Marcelo Neri discusses advances in Brazil 125 years after the abolition of slavery

Institutional
17 May 2013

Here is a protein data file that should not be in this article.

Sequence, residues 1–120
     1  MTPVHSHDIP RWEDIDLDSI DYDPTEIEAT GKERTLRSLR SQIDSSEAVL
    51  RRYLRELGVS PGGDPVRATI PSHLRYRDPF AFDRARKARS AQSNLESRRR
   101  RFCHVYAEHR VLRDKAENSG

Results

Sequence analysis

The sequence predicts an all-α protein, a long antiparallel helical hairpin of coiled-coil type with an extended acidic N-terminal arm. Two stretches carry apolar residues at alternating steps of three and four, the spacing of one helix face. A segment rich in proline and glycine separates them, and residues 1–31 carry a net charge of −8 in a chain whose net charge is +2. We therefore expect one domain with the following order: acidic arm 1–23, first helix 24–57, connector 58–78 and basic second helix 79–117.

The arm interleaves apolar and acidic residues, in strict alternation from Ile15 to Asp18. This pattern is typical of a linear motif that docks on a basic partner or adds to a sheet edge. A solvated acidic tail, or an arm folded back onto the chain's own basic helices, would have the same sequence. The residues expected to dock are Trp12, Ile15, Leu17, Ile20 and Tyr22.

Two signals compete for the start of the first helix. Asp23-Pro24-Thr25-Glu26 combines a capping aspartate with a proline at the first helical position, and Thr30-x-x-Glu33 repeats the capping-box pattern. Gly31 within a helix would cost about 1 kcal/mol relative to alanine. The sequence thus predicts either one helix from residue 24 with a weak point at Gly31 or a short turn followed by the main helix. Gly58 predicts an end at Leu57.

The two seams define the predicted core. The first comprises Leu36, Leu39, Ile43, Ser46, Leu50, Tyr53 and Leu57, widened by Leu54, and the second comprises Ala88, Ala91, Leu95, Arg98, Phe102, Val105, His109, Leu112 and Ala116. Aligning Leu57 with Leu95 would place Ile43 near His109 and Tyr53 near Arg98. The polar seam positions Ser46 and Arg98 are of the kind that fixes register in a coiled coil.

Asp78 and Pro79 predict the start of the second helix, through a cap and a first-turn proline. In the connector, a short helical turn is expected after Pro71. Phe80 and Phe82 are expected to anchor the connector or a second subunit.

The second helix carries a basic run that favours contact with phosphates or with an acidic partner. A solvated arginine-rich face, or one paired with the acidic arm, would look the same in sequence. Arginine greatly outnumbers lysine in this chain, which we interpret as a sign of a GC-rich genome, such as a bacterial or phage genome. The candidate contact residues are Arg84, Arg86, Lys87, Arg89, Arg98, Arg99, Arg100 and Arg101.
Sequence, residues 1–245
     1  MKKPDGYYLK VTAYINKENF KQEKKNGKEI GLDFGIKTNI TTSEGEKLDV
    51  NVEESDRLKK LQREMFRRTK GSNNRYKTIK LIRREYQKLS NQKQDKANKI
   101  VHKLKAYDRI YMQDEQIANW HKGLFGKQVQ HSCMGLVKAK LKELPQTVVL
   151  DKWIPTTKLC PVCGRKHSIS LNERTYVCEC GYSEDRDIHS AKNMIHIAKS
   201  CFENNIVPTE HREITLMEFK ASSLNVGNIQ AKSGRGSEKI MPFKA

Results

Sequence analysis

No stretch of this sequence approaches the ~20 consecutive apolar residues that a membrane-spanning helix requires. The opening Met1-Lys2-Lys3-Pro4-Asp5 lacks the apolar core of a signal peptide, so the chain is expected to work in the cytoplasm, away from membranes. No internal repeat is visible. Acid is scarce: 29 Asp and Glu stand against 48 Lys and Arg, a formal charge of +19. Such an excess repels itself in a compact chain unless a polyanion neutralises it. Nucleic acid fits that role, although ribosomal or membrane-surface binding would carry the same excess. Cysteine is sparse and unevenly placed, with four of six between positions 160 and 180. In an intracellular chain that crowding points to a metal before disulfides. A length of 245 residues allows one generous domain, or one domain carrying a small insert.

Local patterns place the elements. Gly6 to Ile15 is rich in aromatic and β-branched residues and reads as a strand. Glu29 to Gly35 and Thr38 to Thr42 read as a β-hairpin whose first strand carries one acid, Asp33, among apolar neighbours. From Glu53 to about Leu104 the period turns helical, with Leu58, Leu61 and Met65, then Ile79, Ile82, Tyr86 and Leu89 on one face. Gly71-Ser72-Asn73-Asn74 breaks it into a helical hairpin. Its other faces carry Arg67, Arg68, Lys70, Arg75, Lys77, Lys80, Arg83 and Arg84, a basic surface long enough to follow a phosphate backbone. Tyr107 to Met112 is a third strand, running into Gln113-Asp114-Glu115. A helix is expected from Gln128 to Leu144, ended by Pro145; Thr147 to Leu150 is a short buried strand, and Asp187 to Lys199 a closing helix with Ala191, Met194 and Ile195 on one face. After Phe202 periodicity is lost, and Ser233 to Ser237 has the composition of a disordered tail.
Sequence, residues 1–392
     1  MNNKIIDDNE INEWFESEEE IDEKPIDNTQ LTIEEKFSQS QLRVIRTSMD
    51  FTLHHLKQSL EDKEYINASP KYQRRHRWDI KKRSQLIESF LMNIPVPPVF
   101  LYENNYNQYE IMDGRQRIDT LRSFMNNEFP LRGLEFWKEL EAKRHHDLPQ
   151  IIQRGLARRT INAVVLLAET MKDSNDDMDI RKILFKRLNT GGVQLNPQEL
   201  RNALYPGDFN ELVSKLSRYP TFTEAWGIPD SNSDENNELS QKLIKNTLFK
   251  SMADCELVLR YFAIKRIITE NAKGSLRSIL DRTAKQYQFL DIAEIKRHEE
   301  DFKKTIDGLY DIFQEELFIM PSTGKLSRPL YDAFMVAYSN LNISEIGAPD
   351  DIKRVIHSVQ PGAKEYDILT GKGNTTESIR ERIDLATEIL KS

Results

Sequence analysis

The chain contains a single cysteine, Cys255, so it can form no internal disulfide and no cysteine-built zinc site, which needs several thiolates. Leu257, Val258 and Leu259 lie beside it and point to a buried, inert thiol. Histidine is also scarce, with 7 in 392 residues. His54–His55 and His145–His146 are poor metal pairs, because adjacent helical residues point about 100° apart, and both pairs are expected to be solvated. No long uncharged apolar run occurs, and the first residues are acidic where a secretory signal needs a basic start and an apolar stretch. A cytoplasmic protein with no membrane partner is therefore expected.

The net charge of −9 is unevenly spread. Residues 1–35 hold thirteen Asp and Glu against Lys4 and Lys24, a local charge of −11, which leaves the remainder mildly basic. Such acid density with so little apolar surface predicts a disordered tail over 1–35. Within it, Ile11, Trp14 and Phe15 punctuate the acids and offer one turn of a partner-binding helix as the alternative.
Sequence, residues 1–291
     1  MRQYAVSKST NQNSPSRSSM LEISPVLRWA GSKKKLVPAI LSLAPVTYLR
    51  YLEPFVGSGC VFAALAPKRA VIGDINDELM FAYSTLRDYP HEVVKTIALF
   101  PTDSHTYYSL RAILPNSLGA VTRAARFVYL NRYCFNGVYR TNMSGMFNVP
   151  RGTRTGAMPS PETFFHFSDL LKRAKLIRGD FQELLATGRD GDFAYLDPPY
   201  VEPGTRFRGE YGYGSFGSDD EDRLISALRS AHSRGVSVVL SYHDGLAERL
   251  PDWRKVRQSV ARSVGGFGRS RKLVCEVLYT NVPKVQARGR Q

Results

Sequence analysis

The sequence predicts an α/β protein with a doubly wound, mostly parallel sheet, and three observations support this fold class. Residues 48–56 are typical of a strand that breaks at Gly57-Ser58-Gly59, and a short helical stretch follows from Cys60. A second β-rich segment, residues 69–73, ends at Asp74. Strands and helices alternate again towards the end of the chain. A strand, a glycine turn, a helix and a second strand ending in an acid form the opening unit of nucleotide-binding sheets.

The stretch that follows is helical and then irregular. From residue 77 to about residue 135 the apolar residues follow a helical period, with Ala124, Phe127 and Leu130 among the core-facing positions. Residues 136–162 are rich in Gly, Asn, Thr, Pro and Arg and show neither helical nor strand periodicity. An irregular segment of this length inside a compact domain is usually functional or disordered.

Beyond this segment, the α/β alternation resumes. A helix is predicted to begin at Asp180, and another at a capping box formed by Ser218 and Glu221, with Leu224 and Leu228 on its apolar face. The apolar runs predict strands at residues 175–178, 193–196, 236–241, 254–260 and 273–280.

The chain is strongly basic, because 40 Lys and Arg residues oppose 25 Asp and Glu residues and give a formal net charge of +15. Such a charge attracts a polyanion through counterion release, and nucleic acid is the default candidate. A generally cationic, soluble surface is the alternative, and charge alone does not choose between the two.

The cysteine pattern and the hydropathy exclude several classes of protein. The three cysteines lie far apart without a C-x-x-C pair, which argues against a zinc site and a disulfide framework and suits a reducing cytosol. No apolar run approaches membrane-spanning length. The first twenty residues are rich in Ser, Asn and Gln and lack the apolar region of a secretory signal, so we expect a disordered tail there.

Slavery was abolished 125 years ago in Brazil, but only in the last ten years real advances against prejudice and discrimination have occurred. That is what Marcelo Neri, Professor at FGV?s Brazilian School of Economics and Finance in Rio de Janeiro, founder of FGV's Center for Social Policies (CPS), president of the Institute for Applied Economic Research (IPEA) and interim chief minister's of the Secretariat for Strategic Affairs (SAE) of the Presidency of the Republic, said in an exclusive interview with FGV News. Neri presented, on May 13, data on the socioeconomic mobility of blacks in Brazil at an event at Zumbi dos Palmares College, which celebrated the 125th anniversary of the Abolition of Slavery in the country. Studies published by SAE show that, by 2011, 51% of the Brazilian middle class was composed of blacks and mulattos - 20% more than in 2001. This is a very significant advance. Especially if we consider that 75% of the population who ascended to the New Middle Class is black, that is, 30 million people. This is equivalent to a little less than the entire black population of South Africa, he says. Pride The data shows that the participation of blacks in the Brazilian population in the period from 2000 to 2010 increased from 44.6% to 50.9%. According to Marcelo Neri, income effects are not the only ones that explain this phenomenon. Since the turn of the century, more people are declaring themselves as blacks. Especially those with a higher education level and younger generations, who attend schools and universities. It's what we call 'racial pride' effect. Neri also draws attention to the fact that programs such as Bolsa Família, for example, contain an implied affirmative action that encourages people to declare themselves black to receive the benefit. A less unequal picture According to the economist, studies show a reduction in inequality. To get an idea, precisely in the year called 'PIBinho', 2012, the per capita household income of black Brazilians increased 8.5%, against 5.1% of income for those who do not declare themselves black or mixed race, he says, adding that the process is continuous and also applies to such areas as entrepreneurship. The profit earned by black entrepreneurs is still lower than that of whites, but increased 10% between 2003 and 2013. Neri also called attention to the income increase of groups of workers such as subsistence entrepreneurs, maids, construction workers and manual labor farmers. Brazil was the last country in the Western world to abolish slavery, but the real changes are happening. It is a picture still full of social scars, but is much better than it was ten years ago, he concludes.